UCLA superbug: Lawmaker asks Congress to investigate FDA response
Prompted by the UCLA superbug outbreak, a federal lawmaker is calling on Congress to investigate what the U.S. Food and Drug Administration and device makers are doing to prevent further patient deaths and infections.
In a letter sent Monday to the House Committee on Oversight and Government Reform, Rep. Ted Lieu (D-Torrance) said outbreaks related to contaminated medical scopes “have national security ramifications.”
Last week, UCLA’s Ronald Reagan Medical Center became the latest in a string of U.S. hospitals suffering outbreaks involving CRE and other deadly bacteria.
Two patients died in connection with the UCLA incident, five more were infected and 179 others may have been exposed from October to January after undergoing a procedure for ERCP, or endoscopic retrograde cholangiopancreatography.
In an interview, Lieu noted that President Obama issued an executive order in September making it a national security priority to combat antibiotic-resistant bacteria such as CRE, which stands for carbapenem-resistant Enterobacteriaceae.
Lieu said an FDA safety alert issued last week following the UCLA incident provides no assurance that further outbreaks can be prevented.
The FDA acknowledged that cleaning the ERCP duodenoscopes to the manufacturers’ specifications may not remove all of the deadly bacteria that can be passed from patient to patient.
“While federal agencies such as the Centers for Disease Control and Prevention are combating superbugs, the current recommended sterilization procedures would continue to result in superbug outbreaks and deaths,” Lieu said.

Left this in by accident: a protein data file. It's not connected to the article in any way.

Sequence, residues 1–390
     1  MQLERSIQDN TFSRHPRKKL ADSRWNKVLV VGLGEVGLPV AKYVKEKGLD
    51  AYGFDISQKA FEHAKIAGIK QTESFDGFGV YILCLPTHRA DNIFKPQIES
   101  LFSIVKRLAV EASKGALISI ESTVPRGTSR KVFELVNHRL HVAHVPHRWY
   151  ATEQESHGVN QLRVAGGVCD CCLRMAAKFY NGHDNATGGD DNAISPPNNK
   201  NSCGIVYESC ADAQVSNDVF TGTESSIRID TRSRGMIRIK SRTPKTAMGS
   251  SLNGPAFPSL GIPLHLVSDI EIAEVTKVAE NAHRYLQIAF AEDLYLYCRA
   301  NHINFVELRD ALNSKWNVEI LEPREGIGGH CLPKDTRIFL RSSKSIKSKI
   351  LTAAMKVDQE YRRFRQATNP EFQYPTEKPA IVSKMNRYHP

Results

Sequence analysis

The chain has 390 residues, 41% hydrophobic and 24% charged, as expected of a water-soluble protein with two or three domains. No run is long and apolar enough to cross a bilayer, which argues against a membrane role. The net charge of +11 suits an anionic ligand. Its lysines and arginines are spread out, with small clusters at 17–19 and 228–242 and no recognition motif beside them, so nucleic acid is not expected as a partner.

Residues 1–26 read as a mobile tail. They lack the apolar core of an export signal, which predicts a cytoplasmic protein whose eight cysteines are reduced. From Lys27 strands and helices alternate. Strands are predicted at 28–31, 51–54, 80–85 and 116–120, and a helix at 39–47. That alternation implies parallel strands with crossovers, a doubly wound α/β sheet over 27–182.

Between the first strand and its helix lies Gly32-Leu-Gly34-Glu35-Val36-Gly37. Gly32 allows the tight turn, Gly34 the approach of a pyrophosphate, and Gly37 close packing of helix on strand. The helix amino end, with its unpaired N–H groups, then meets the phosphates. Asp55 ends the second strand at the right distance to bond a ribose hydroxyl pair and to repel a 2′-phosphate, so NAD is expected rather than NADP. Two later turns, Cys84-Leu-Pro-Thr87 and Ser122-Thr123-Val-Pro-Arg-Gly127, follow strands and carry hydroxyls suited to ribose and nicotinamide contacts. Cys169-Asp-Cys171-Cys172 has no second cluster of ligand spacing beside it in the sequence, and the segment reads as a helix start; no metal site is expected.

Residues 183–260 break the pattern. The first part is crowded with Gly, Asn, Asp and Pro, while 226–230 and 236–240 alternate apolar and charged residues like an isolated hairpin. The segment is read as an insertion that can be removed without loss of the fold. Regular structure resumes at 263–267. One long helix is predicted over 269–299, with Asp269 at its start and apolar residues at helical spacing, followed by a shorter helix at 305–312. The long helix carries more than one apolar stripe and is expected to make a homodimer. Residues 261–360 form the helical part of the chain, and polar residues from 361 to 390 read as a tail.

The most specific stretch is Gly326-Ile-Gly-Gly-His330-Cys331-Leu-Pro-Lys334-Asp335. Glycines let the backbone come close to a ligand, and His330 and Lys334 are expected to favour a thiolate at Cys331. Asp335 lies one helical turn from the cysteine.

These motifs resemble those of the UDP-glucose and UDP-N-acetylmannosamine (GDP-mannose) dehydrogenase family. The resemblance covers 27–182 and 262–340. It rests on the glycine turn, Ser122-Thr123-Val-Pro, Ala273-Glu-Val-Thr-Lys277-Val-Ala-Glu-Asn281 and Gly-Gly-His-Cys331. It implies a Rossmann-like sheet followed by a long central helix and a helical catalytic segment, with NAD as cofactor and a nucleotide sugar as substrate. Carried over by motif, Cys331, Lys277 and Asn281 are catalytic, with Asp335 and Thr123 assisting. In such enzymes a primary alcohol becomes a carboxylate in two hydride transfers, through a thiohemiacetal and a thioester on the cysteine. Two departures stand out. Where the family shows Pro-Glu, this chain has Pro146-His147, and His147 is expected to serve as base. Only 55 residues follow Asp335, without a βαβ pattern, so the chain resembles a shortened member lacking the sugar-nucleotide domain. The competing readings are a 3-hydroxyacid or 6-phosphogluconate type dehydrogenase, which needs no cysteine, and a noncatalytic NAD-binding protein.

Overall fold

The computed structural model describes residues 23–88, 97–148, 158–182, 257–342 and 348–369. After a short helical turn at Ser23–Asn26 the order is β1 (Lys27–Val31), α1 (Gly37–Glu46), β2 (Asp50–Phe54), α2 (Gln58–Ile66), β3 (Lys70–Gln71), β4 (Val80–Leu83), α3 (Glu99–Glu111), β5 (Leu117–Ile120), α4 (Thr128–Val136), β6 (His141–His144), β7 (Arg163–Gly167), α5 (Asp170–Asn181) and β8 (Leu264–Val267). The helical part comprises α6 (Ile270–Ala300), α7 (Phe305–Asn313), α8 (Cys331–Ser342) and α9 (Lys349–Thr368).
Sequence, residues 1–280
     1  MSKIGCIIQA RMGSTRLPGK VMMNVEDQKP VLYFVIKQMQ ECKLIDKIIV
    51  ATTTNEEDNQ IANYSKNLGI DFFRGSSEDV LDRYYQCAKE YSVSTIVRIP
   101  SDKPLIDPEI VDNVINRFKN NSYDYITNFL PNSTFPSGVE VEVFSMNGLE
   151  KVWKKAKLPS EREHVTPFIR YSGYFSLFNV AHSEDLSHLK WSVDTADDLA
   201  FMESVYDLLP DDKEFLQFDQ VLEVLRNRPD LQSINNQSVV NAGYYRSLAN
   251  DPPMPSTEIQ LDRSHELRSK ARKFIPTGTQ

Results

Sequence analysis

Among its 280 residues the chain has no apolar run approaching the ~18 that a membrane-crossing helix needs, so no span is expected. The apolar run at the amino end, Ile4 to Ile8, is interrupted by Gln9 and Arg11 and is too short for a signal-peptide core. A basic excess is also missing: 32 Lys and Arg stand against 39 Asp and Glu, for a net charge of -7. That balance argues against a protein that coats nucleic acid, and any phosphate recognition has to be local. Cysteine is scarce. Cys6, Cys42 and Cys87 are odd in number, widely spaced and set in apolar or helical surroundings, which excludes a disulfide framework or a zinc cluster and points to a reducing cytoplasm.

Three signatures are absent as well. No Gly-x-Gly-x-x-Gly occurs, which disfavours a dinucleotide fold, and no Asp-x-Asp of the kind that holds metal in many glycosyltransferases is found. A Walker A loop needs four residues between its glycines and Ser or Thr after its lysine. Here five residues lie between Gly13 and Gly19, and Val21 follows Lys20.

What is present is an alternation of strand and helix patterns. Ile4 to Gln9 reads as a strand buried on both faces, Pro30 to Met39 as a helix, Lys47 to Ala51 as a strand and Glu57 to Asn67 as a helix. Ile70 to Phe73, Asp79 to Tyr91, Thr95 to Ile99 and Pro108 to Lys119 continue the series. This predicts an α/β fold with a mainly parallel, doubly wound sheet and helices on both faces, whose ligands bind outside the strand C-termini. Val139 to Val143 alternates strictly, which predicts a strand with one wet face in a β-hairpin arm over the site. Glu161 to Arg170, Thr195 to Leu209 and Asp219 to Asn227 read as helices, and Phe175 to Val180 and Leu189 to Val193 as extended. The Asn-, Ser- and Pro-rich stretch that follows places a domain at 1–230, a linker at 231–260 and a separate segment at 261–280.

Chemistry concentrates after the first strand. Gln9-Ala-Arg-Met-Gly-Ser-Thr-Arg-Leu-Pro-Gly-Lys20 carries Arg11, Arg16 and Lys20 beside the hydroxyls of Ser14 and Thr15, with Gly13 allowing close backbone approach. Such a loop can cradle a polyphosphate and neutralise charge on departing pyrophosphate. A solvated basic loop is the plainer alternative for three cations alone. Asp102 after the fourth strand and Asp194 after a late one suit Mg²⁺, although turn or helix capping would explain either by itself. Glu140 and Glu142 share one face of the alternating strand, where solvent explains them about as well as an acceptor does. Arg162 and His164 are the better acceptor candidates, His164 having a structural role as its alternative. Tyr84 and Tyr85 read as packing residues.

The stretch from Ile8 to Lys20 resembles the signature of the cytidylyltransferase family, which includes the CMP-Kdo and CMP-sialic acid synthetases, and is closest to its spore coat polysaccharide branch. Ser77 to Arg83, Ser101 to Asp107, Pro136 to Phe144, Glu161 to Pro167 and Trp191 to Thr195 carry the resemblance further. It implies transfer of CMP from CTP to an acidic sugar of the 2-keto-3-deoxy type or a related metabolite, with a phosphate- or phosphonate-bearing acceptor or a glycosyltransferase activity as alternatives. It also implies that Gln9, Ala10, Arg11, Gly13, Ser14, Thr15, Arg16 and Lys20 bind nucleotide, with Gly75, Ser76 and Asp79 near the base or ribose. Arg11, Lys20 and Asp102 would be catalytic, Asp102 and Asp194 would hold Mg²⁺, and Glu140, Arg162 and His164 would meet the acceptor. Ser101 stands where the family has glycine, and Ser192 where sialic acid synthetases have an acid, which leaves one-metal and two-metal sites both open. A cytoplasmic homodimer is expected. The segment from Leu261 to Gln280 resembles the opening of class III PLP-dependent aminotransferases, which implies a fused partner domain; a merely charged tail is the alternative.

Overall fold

The duodenoscopes involved in the outbreaks have an “elevator channel” that doctors use to bend the device inside the digestive tract and allow for attachments such as catheters or guide wires. The FDA warned that bacteria can build up in those tiny crevices.
“Some parts of the scopes may be extremely difficult to access and effective cleaning of all areas of the duodenoscope may not be possible,” the FDA warned last week.
Nonetheless, the agency has defended its response and said it’s still determining what more can be done to reduce the risk of infection. The FDA said an engineering assessment of device design is ongoing.
A spokeswoman for the FDA said Friday that pulling ERCP devices from the market would pose more harm to public health by removing a lifesaving medical instrument.
“Of the more than 500,000 procedures performed in the U.S. each year using duodenoscopes, only a small fraction have been associated with transmission of antibiotic-resistant organisms,” the agency said.
There are no alternative devices for ERCP, according to the FDA, and the procedure “is the least invasive way of draining fluids from pancreatic and biliary ducts blocked by cancer, gallstones and other conditions.”
Olympus Corp. of the Americas, the leading maker of duodenoscopes, said it is monitoring the issue of patient infections closely, and it has provided customers with additional educational materials and video demonstrations on equipment cleaning.
“We are working with the FDA, relevant medical societies and our customers regarding these concerns,” the company said in a statement.
Lieu succeeded Henry Waxman in Congress last month, and he serves on the House oversight committee. Prior to going to Washington, Lieu worked on many health-related issues in the California Legislature.